Q+A: Why some ratepayers are falling foul of councils wastewater management

Whena Owens of TVNZ1's Q+A investigates the new ways councils are dealing with sewage, and why they’re falling foul of some ratepayers.

Whena Owen investigates the new ways councils are dealing with sewage. Source: Q+A

Councils around the country are under pressure to renew sewage systems that meet new environmental standards and are affordable and acceptable to their ratepayers, but not all ratepayers are happy about the newly adopted methods of disposing waste.

Featherston resident, Virgina Love said when she brought her property five years ago she was unaware that the council had plans to spray human effluent on the 166 hectare block right next door.

She says she supports the council's goal to have no wastewater discharged into rivers by 2040 but feels her family are paying the price.

"They said in a meeting to the community that there will be globules of sewage, and water definitely won't be 100 per cent. They can not guarantee us that there won't be E. coli on our roof."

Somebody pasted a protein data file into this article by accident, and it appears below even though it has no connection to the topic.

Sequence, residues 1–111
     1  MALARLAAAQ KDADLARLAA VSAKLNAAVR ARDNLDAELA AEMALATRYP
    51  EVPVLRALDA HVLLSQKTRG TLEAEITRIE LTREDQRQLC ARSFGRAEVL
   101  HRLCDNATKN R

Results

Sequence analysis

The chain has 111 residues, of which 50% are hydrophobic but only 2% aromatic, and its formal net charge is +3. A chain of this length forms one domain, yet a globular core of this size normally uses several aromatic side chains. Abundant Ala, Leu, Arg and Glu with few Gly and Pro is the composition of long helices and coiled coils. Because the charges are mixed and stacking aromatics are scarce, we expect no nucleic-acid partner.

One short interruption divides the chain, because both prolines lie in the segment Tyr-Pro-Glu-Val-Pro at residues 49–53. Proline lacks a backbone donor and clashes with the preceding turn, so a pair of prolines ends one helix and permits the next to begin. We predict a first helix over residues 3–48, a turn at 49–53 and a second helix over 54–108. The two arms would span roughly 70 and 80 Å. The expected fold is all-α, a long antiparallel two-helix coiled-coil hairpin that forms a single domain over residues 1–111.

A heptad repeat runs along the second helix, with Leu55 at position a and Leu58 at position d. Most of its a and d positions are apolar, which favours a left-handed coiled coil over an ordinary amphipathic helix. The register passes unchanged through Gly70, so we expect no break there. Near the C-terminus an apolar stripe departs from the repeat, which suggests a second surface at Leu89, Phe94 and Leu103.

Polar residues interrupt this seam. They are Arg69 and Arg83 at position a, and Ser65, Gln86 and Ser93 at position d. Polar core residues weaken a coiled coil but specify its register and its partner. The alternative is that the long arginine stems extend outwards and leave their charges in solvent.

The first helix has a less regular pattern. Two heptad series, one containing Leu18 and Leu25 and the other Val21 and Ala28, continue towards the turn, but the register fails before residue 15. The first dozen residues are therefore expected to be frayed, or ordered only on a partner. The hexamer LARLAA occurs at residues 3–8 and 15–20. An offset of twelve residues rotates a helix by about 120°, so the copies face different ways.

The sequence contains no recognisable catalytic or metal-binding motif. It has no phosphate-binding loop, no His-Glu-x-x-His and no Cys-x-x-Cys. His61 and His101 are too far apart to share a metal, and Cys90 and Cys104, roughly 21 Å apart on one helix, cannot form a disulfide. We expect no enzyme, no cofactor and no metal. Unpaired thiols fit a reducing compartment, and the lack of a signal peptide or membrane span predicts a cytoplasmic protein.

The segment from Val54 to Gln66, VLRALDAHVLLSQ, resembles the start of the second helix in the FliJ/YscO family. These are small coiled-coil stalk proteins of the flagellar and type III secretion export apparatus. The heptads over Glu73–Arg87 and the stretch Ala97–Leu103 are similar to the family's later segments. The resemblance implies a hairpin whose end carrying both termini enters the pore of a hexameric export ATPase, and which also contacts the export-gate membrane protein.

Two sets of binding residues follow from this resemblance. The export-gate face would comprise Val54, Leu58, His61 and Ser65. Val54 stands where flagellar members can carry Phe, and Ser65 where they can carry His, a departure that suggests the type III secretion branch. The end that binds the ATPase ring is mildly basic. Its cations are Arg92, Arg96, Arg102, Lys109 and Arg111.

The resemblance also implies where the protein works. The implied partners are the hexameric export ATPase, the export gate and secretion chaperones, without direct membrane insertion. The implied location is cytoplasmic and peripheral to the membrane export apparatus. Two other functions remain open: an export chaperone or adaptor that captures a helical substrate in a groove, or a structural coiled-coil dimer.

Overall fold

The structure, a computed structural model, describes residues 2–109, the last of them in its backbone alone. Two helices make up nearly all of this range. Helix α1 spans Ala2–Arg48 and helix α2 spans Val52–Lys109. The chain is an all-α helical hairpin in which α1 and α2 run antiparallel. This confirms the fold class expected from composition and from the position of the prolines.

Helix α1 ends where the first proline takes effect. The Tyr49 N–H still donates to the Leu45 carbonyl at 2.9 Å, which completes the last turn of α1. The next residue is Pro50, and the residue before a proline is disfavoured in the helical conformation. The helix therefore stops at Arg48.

Cut and carry baleage irrigated with human waste water is also being produced at the settling ponds.

"What we know is that the animals won't eat it," resident Claire Bleakley said.

"In the event that these cows begin lactating, there is a 30-day stand down period before we will accept supply," says Fonterra in a statement.

Local Government New Zealand President, Dave Cull, says the increase in population, the rise of health and safety standards and the current plants becoming obsolete are contributing to the wastewater management problem.

"It doesn't only mean there's a demand for new facilities it means the councils are really struggling to pay for them," Mr Cull said.